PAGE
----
AKAGERA NATIONAL PARK
Akagera National Park was named after the river that flows along its eastern boundaries and is Rwanda’s gifted park in relation to the to the famous savanna reserves of Kenya and Tanzania. Much as most of Rwanda is not warm, this park is located in a relatively warm and an area with a lower latitudinal range of undulating plains supporting a cover of dense, broad-leafed woodland interspersed with lighter acacia woodland and patches of rolling grassland studded evocatively with stands of the superficially cactus shrub. To the west of the plain lies a chain of low mountains, reaching elevations of between 1600m and 1800m above sea level. The eastern part of the park supports an extensive wetland: a complex of a dozen lakes linked by extensive papyrus swamps and winding water channels fed by the meandering Akagera River.
In terms of game viewing, it would be misleading to compare Akagera to East Africa’s finest savanna reserves. The northern and western portions of the original 2500sqkm park were degazetted in 1997 in a bid to accommodate returned refugees, reducing the protected area to 1085sqkm. Given that the inhabitants and surrounding communities were hunters, there is still poaching around and in the park which has impacted negatively on wildlife populations, and those lakes that remained within the national park were until recently used to water domestic cattle-indeed, a few years back, long horned Ankole cows were the most commonly seen large mammal in Akagera National Park
Akagera National Park today still ranks among the most scenic of Africa’s remaining savanna reserves and very much worth visiting. For one thing it ranks among the , with its sumptuous forest-fringed lakes, tall mountains and constantly changing vegetation. On top of that, the birdlife is quite phenomenal-for specialist birders, the checklist of almost 500 species includes several rarities, whilst for first time African visitors, it’s a great place to see eagles and other large raptors along with some truly impressive concentrations of water associated birds.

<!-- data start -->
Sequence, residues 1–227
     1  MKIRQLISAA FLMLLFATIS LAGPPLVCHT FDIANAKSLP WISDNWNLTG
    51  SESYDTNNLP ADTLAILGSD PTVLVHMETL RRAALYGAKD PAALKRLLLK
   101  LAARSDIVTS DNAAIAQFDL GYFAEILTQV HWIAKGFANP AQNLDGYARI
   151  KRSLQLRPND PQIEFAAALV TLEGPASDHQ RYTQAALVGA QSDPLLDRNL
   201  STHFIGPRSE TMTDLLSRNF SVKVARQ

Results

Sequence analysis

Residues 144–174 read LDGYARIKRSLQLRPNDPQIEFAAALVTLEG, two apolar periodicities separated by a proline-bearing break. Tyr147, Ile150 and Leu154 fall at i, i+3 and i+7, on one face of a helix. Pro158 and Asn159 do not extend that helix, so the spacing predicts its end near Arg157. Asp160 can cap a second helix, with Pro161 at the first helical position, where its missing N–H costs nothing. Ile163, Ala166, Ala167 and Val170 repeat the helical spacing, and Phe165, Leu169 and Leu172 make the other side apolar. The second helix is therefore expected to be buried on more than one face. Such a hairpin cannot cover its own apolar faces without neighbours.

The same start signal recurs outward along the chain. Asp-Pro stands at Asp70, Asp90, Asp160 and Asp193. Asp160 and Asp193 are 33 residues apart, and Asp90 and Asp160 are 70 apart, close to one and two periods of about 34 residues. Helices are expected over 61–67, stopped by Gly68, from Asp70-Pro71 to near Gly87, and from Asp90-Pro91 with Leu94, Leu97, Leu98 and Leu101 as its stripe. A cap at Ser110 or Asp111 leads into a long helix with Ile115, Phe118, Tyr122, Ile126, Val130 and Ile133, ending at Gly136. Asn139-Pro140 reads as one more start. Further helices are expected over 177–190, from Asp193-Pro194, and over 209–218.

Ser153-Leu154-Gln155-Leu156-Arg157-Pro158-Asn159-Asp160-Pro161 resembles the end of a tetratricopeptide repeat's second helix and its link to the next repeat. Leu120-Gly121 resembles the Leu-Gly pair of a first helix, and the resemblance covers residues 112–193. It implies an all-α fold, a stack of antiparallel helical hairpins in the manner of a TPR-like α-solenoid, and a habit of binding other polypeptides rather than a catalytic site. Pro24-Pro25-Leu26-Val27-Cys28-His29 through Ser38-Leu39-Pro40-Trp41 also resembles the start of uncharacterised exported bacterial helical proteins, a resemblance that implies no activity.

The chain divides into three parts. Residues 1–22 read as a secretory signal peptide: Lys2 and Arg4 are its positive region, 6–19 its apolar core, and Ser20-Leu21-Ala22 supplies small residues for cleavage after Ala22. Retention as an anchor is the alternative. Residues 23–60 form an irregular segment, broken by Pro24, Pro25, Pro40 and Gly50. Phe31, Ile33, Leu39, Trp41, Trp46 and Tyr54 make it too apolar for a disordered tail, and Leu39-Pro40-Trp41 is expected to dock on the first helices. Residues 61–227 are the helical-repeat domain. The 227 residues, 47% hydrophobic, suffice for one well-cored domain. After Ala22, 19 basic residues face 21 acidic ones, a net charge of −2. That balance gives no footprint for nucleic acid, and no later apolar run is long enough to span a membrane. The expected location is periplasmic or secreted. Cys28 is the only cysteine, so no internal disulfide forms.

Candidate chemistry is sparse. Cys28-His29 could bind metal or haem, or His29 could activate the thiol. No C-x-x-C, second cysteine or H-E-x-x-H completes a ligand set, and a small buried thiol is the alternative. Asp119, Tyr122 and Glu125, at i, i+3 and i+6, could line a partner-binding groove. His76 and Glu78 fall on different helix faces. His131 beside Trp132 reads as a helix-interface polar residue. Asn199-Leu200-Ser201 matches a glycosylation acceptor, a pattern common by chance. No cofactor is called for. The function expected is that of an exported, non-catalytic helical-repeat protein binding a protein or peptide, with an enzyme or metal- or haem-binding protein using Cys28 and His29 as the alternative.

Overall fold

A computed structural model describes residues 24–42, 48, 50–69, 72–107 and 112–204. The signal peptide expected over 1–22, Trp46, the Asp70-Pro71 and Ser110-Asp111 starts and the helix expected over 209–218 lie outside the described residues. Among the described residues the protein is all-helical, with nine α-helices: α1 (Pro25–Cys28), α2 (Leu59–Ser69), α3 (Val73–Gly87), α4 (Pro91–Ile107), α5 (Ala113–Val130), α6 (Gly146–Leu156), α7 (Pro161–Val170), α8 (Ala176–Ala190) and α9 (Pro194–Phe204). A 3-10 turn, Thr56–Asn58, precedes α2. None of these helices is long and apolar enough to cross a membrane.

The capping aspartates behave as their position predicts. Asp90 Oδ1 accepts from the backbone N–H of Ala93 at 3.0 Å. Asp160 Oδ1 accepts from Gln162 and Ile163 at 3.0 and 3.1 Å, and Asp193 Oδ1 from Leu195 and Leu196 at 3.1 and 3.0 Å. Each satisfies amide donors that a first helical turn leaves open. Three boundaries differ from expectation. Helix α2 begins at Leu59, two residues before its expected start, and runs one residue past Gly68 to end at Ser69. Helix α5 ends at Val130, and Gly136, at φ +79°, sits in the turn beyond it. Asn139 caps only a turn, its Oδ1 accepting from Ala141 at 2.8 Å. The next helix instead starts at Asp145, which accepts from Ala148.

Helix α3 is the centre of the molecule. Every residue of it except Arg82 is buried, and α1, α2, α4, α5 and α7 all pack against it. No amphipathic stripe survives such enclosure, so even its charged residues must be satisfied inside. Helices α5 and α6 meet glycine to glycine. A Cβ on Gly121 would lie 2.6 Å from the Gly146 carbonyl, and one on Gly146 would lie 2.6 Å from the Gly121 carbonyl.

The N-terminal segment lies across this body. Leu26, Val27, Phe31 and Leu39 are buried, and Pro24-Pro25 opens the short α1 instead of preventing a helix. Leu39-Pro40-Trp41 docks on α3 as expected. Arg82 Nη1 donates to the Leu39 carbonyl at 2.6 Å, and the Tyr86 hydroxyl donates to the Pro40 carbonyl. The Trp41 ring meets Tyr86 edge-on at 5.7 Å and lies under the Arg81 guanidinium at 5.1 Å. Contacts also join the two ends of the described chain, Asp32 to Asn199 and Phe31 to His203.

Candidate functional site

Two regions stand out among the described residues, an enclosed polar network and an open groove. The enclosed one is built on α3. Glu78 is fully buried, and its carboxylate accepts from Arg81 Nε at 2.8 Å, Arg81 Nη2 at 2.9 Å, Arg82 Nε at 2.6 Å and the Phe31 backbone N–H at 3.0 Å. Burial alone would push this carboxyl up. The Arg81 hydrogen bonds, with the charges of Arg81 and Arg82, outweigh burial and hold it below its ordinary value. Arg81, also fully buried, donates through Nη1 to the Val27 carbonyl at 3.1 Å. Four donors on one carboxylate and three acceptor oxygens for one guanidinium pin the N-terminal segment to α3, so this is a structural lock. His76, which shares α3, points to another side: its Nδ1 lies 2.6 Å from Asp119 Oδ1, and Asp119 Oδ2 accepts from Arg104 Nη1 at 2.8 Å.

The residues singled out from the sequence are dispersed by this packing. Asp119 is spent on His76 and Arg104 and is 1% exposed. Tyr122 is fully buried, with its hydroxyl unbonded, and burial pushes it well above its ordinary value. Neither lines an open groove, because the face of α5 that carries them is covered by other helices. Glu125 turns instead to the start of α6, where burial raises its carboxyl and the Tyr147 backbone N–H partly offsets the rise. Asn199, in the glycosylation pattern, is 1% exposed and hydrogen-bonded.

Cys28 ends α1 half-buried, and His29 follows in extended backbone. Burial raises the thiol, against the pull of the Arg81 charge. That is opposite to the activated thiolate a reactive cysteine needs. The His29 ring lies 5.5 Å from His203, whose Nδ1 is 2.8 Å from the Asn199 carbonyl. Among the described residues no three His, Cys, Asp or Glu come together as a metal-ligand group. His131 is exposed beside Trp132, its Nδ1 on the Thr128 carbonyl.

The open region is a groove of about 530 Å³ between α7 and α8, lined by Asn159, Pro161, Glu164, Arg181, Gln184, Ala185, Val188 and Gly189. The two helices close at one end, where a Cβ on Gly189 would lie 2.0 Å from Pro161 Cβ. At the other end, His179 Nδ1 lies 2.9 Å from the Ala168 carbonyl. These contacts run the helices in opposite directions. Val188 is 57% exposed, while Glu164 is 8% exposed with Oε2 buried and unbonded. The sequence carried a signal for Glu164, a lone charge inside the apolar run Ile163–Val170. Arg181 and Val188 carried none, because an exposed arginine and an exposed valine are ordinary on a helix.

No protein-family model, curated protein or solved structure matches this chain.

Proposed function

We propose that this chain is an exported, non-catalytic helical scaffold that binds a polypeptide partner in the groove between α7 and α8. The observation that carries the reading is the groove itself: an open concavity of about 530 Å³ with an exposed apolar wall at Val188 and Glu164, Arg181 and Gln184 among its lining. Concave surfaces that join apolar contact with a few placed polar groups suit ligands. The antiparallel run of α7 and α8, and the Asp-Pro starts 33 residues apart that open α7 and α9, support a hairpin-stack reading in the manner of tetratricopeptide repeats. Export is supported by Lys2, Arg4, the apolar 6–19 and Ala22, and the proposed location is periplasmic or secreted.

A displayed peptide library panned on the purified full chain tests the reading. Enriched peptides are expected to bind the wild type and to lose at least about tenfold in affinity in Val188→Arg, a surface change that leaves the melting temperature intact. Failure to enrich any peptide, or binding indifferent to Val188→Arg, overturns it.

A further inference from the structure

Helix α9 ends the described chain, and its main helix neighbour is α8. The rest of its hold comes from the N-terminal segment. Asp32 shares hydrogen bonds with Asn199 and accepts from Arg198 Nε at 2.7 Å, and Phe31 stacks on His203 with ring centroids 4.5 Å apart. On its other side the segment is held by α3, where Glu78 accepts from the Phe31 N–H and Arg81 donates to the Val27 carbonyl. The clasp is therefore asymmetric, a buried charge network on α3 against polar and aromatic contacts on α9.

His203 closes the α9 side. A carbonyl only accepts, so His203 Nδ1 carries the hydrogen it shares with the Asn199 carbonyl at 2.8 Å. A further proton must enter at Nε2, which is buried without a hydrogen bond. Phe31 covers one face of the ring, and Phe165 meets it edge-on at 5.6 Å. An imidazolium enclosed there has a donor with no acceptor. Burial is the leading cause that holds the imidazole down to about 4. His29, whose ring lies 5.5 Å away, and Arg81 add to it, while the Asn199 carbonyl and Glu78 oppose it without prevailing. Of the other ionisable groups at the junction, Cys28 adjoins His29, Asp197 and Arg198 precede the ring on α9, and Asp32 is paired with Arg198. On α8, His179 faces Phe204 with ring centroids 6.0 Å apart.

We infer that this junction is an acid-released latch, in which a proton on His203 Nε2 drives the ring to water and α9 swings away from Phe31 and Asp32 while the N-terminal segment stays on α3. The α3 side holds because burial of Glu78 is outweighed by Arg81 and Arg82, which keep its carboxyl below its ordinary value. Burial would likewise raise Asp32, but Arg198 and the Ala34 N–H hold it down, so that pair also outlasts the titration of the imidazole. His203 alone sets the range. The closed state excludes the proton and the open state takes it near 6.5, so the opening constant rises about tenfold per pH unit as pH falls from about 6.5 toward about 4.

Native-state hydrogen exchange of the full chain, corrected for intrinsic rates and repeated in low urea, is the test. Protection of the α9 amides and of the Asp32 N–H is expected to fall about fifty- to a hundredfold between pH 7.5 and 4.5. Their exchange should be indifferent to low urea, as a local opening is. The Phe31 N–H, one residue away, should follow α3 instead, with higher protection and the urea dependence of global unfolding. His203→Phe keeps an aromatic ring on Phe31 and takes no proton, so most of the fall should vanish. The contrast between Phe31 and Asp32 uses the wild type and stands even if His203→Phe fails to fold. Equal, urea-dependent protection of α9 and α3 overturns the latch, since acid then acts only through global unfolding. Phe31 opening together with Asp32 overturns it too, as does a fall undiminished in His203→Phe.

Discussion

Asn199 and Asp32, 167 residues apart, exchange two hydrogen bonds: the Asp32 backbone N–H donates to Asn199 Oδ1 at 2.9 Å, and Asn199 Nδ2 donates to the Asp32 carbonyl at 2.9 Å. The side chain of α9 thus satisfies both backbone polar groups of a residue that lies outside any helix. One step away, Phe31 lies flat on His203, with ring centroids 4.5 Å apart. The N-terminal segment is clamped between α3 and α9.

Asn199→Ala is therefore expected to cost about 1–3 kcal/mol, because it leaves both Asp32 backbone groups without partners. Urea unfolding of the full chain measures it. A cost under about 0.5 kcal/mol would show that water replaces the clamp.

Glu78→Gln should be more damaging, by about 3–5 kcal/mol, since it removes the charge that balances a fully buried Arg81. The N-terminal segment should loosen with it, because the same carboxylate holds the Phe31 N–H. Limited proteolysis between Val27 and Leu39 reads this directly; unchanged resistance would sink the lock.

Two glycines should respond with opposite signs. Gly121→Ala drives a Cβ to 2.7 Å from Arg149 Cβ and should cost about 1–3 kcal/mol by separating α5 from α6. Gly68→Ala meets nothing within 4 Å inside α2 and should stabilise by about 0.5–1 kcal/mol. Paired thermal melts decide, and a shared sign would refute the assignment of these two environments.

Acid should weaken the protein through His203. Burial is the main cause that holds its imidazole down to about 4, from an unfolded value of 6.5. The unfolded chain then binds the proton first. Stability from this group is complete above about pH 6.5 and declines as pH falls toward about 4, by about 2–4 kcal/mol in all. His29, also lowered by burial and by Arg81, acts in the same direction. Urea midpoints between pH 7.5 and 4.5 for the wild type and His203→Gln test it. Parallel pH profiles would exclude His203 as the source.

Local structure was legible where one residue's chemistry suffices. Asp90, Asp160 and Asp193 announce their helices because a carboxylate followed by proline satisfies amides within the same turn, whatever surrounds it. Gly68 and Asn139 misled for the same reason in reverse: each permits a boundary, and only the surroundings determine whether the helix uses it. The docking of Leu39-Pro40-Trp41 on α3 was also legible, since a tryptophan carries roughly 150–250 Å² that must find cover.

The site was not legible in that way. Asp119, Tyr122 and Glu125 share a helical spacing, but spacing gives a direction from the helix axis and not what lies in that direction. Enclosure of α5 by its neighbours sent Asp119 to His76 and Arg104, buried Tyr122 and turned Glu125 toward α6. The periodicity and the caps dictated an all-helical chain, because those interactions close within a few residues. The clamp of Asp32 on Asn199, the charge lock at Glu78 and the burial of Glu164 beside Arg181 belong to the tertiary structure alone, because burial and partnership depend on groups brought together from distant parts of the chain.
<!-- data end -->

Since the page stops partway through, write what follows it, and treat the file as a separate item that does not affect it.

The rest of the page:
Akagera also still retain a genuinely off-the-beaten-track character: this is one African game reserve where you can still drive for hours without passing another vehicle, never knowing what wildlife encounter might lie around the next Corner. And contrary to some reports, there is plenty of wildlife around, with the likes of zebra, giraffe, hippo, baboon, warthorg and half-a-dozen antelope species all reasonably visible and less skittish than one might expect. In addition, the lakes support some of the highest concentration of hippo you’ll find anywhere in Africa, as well as numerous large crocodiles.
As for the coveted big five, buffalo are plentiful and easily seen, elephants are quite common but more difficult to track down, and leopards are present but secretive as ever.